Event Vision: Coney Island/Carnival Wedding Cocktail Hour, Part 2

coney island vintage carnival inspired wedding

And we’re back—with more Coney Island/Carnival inspired goodies for your wedding.  We’ve already talked about food and drinks, let’s talk about color!

wedding carnival color palette

 

I love these colors for this type of wedding—  Pantone’s  Fiery Red (18-1664 TC), Blazing Yellow (12-0643 TC) and Cyan Blue (16-4529 TC).  They are fun, punchy and exciting. While they are vibrant, you can use them sparingly and purposely, such as in your flowers, linens and food.  What about your paper needs for your wedding?  Invites, menus, escort cards, and other fun things can really carry this theme through your event.

 vintage carnival invitation by two trick pony

 I love these vintage beauties, the Coney Island 1896 Wedding Invitation ::  From Royal Steamline’s  Etsy Shop on the left, and Two Trick Pony’s vintage carnival wedding invitation.  These are fun, but elegantly crafted which doesn’t make your event look it will be at Chuck E. Cheese. The Vintage Glam Blog offers Free Carnival Printables which would make for great accessories at your event.  You can use tickets as your escort cards as well create custom popcorn and peanut bags with your names or wedding logo.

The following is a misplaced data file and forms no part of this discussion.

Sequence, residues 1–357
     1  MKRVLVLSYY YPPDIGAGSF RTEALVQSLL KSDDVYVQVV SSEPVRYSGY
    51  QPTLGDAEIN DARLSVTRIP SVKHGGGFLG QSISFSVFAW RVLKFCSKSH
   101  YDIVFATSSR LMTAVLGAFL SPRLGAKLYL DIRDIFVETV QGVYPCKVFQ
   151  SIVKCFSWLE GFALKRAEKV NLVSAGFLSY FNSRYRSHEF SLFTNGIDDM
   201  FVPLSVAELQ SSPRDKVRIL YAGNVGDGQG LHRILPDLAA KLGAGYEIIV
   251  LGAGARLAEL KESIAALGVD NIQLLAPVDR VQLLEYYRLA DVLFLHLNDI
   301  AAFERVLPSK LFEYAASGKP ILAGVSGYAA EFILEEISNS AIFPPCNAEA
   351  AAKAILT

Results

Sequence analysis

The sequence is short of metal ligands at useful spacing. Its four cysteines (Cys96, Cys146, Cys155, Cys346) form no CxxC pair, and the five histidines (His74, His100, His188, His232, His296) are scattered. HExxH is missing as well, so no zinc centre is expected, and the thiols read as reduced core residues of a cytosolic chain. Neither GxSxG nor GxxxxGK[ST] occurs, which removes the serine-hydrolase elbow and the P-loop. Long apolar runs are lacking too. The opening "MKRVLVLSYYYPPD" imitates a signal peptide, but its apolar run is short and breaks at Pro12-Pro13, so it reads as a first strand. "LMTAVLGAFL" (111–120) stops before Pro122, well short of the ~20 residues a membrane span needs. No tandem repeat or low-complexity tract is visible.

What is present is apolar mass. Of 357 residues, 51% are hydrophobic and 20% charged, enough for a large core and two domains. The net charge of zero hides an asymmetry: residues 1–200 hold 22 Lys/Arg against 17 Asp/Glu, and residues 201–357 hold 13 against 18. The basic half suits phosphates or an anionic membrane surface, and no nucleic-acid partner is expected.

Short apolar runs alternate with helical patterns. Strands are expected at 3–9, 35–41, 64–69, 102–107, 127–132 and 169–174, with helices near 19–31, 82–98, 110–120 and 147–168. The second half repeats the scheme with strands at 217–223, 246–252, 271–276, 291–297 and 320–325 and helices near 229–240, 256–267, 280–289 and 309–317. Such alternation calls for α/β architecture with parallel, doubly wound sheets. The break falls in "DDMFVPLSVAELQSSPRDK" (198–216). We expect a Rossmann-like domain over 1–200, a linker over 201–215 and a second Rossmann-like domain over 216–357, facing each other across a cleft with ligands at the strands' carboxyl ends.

postcard-historyamusementparkscom

 If you want to opt for something non traditional for your wedding guest book, look for vintage carnival or Coney Island post cards for your guests to sign like this one from Amusement Park History or these 1949 Coney Island postcards.  Your guests write a message on the back and your designee can send them to you after your honeymoon.  It’s nice to receive them in the mail  and see the love from your wedding guests!

 orange zinnias flowers for carnival coney island wedding lRedCheckLg

These arrangements of zinnias,  paired with orange abutilon (flowering maple), chartreuse nicotiana, acid-green jasmine, and two kinds of berries: orange-and-yellow viburnum in white-glazed porcelain pots and gold-interior votive holder, from Treillage, treillageonline.com. (via Brides.com, photo by Victor Schrager, casual, but striking for this type of event.  The red and white gingham linen from BBJ Linen are prefect for casual cocktail tables or to cover hay bales.